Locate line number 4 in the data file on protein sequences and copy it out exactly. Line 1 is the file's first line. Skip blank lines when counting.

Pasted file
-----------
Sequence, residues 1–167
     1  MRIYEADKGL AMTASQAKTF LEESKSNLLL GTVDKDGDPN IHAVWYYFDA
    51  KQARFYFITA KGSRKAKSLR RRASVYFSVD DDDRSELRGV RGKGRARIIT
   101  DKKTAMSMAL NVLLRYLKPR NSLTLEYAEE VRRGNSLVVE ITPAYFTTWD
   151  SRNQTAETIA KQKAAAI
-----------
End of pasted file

   101  DKKTAMSMAL NVLLRYLKPR NSLTLEYAEE VRRGNSLVVE ITPAYFTTWD